NCAA.org — (Starting Oct. 15), Division I student-athletes will have the ability to transfer to a different school and receive a scholarship without asking their current school for permission.
The Division I Council adopted a proposal this week that creates a new “notification-of-transfer” model. This new system allows a student to inform his or her current school of a desire to transfer, then requires that school to enter the student’s name into a national transfer database within two business days. Once the student-athlete’s name is in the database, other coaches are free to contact that individual.
“The membership showed today that it supports this significant change in transfer rules,” said Justin Sell, chair of the Division I Transfer Working Group and athletics director at South Dakota State. “I’m proud of the effort the Transfer Working Group put forth to make this happen for student-athletes, coaches and schools.”
The previous transfer rule, which required student-athletes to get permission from their current school to contact another school before they can receive a scholarship after transfer, was intended to discourage coaches from recruiting student-athletes from other Division I schools. The rule change ends the controversial practice in which some coaches or administrators would prevent students from having contact with specific schools. Conferences, however, still can make rules that are more restrictive than the national rule.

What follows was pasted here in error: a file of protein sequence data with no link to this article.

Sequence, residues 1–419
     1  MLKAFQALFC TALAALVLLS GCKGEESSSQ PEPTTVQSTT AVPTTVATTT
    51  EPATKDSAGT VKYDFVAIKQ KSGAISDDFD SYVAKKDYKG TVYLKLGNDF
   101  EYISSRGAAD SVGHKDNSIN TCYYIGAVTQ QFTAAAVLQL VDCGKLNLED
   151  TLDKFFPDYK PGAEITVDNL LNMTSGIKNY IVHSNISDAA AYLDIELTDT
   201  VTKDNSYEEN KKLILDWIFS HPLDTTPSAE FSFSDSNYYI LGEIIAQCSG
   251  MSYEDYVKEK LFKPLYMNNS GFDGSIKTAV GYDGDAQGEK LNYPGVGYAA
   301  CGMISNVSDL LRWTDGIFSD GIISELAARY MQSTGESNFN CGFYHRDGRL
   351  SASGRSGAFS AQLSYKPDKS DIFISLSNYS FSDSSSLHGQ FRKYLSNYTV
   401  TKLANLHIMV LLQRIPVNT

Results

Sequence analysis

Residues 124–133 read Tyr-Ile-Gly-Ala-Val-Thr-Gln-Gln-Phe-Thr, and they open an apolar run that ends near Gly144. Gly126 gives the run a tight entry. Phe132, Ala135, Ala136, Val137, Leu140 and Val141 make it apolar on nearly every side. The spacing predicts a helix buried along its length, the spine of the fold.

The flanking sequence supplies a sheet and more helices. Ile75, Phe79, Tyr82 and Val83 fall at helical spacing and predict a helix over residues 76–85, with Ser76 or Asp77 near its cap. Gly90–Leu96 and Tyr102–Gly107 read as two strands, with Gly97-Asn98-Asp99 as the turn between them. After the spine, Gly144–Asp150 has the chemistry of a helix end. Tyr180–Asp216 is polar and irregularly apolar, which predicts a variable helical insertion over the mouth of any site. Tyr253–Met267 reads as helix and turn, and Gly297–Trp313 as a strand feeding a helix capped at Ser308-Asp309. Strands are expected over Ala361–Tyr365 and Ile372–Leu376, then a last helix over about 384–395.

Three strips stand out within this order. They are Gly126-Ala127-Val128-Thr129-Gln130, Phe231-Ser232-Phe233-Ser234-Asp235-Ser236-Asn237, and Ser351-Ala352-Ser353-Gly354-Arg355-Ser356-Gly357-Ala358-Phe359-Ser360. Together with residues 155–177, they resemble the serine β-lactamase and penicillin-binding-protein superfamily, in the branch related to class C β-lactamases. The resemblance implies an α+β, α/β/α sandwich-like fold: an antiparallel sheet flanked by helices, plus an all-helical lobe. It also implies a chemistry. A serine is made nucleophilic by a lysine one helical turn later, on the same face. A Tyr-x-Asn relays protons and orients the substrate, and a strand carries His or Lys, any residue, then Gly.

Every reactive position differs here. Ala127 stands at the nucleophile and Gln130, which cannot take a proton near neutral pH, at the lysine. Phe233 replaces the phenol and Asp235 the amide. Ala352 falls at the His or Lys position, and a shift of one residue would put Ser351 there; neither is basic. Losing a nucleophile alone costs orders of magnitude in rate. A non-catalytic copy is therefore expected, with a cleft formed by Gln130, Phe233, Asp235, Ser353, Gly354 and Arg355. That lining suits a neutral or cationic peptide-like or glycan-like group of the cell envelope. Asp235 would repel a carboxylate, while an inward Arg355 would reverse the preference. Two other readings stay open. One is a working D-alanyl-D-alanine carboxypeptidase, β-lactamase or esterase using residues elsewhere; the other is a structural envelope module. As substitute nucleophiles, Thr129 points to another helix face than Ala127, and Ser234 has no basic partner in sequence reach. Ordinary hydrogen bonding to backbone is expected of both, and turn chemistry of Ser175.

Additionally, the proposal adds tampering with a current student-athlete at another school to the list of potential Level 2 violations, considered a significant breach of conduct.
Nicholas Clark, a recent graduate of and former football player at Coastal Carolina who represents the Division I Student-Athlete Advisory Committee on the Council, said the rule change promotes fairness and the well-being of college athletes.
“This creates a safe place for student-athletes to have a conversation with their coaches and makes the whole process more transparent,” Clark said. “This will clean the process up and give more influence and flexibility to the student-athlete.”
The Transfer Working Group first introduced the proposal in fall 2017, aiming to detach a student-athlete’s pursuit of transferring to a different school from the process of receiving a scholarship at the new college or university. The new rule was developed based on a series of principles the Division I Board of Directors developed for the working group, including any rule changes should support the academic success of student-athletes, be based on data and create the least restrictive environment possible for student-athletes.
Another financial aid element, autonomy legislation that governs when a school can reduce or cancel aid, may be adjusted next week by the autonomy conferences. Currently, a student’s notification of intent to transfer at the end of a term is not one of the listed reasons a school can use to cancel aid. The autonomy conferences will consider, by an electronic vote, two different proposals to allow schools to cancel the aid.
The rule change takes effect Oct. 15.
The Transfer Working Group will continue working on other transfer issues, including rules surrounding postgraduate transfers, and still is exploring the possibility of uniform transfer rules.